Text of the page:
Puryear said neither Faison nor Williams will ever be forgotten.

“The recent police incident in Orange reminds our organization of the inappropriate and deadly actions some Orange police officers engaged in that resulted in the murder of Mr. Earl Faison,” said Puryear in an open letter to Mayor Dwayne Warren sent Saturday, Oct. 14. “As you know, while in police custody, in a tense emotional environment, Orange police officers inappropriately conducted actions and activities against an innocent individual. The Orange police officers’ actions resulted in the murder of Mr. Earl Faison. Our organization wonders if the Orange Police Department has learned from the 1999 incident.”

Puryear went on to state that the NAACP is “very pleased” that the twin Orange High School seniors that were arrested and charged in connection with the incident involving Davis were “extremely fortunate that they were able to walk away from their ordeal with only bruises.” He and others, however, said the incident is a call to action to unite to reform the Orange Police Department’s apparent policing and training practices and protocols.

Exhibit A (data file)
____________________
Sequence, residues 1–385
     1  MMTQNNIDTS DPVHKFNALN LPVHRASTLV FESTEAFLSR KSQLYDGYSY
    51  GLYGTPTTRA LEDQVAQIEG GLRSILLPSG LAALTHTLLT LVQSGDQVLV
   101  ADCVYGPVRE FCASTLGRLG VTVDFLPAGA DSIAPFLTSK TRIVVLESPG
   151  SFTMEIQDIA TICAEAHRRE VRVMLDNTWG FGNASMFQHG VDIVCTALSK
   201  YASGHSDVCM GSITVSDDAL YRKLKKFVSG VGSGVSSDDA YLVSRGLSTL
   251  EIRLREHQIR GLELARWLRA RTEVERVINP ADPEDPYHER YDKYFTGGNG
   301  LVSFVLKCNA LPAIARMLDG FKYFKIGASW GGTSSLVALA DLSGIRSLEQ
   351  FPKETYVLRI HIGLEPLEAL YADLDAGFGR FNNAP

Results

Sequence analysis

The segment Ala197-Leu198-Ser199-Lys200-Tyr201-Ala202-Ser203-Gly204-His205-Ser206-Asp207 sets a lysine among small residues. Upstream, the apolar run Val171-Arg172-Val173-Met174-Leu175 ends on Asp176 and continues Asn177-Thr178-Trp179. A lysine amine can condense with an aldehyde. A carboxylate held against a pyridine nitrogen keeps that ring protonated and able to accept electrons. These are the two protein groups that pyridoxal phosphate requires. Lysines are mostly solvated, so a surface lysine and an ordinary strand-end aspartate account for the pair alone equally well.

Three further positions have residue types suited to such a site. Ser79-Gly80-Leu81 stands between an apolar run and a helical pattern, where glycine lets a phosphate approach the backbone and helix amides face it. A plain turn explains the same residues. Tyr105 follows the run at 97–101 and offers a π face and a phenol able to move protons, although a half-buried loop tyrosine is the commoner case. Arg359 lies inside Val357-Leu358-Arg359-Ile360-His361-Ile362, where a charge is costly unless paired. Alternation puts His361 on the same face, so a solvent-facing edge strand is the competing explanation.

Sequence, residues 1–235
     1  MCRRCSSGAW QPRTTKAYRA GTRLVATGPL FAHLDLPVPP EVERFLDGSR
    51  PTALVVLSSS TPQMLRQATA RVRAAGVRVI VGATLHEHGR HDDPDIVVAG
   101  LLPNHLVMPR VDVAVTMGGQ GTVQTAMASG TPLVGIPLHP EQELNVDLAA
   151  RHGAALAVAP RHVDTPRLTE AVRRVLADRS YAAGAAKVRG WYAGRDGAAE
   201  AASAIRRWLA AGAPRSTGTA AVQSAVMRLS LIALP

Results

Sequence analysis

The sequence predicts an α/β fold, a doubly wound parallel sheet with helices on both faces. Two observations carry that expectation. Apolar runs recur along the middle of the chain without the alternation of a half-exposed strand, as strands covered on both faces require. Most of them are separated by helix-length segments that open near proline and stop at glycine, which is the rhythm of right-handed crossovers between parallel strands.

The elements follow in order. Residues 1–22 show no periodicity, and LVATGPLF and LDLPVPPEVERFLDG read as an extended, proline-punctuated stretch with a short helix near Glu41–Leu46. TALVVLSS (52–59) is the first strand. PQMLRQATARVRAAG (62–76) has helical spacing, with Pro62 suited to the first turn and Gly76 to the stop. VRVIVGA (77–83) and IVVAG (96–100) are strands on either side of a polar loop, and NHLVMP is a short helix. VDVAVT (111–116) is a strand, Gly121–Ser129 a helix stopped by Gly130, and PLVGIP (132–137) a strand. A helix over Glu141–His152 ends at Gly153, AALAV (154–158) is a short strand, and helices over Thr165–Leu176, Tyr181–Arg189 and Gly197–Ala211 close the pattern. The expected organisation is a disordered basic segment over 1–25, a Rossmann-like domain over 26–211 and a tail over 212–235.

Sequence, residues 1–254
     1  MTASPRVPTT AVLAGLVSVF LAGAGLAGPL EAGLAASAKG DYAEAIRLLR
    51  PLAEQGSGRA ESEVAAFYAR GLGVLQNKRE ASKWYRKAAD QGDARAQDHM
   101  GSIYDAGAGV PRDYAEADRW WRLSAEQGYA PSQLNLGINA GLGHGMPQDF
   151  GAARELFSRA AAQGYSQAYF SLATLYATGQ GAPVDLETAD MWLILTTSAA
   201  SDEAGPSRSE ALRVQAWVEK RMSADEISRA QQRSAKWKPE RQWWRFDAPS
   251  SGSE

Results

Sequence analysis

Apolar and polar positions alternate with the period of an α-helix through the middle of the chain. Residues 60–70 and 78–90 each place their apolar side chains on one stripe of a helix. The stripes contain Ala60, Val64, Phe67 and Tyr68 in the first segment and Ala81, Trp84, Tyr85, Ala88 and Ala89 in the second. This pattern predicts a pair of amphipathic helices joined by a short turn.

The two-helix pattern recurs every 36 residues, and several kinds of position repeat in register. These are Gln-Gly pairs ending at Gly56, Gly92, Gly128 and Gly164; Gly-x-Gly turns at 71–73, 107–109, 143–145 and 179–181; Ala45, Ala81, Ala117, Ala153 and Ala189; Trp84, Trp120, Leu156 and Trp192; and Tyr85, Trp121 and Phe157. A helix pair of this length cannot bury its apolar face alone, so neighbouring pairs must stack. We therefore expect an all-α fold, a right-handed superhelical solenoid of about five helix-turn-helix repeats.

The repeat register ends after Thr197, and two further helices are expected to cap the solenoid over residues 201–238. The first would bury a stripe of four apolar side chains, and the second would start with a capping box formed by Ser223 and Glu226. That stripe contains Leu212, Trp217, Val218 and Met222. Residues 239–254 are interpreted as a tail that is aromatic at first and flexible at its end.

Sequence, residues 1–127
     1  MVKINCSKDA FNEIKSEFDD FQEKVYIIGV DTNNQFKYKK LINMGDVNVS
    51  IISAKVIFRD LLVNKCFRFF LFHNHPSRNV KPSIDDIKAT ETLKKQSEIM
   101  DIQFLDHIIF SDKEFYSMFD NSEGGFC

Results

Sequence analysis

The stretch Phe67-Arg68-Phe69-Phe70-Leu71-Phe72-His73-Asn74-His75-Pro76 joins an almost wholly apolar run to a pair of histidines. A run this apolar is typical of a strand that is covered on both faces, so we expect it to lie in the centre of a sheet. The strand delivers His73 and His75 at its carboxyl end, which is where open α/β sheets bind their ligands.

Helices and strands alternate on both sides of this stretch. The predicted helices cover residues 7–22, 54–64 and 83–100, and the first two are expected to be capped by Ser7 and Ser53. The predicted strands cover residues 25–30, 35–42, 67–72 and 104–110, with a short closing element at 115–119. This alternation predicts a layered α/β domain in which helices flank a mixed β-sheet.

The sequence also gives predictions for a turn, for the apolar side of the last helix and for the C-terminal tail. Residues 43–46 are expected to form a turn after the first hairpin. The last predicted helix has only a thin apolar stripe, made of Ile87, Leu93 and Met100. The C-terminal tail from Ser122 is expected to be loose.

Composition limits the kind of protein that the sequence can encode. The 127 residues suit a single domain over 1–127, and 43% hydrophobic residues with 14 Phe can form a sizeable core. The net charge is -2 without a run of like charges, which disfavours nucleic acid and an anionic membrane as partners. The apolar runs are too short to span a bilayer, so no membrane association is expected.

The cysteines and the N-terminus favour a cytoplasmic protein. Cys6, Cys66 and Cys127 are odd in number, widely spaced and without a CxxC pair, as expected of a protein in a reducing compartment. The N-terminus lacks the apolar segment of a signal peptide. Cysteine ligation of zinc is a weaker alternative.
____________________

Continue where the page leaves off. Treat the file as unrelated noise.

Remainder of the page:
“We petition your office to provide the citizens of Orange with a thorough and prompt investigation into the existing police academy’s training protocols,” Puryear said in his email blast. “As it is imperative that citizens have confidence that Orange police officers are trained to serve and protect, rather than to overreact when involved in tense situations. The citizens of the township need to know that the alleged overreaction of officer, Mr. Hanifah Davis, was a character flaw and not systemic institutional design.”

Puryear said he wants to make sure that Orange police officers are conducting appropriate police procedures on the job every day and Hamm agreed.